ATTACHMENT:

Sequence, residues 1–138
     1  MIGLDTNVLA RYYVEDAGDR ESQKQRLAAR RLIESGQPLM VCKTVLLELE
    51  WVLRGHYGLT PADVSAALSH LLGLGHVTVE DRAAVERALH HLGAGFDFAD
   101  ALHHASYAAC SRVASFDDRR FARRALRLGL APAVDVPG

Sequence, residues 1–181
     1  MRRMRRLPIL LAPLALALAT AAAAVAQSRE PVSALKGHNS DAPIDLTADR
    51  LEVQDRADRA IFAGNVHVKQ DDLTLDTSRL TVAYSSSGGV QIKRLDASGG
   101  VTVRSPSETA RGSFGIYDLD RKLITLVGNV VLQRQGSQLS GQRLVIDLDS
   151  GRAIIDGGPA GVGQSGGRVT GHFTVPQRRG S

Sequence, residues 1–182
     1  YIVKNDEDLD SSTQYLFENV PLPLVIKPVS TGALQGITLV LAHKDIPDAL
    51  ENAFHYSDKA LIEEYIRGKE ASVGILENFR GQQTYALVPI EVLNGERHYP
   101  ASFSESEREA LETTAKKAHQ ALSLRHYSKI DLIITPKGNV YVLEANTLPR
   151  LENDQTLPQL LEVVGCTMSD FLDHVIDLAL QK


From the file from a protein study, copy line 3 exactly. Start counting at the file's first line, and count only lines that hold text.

    51  WVLRGHYGLT PADVSAALSH LLGLGHVTVE DRAAVERALH HLGAGFDFAD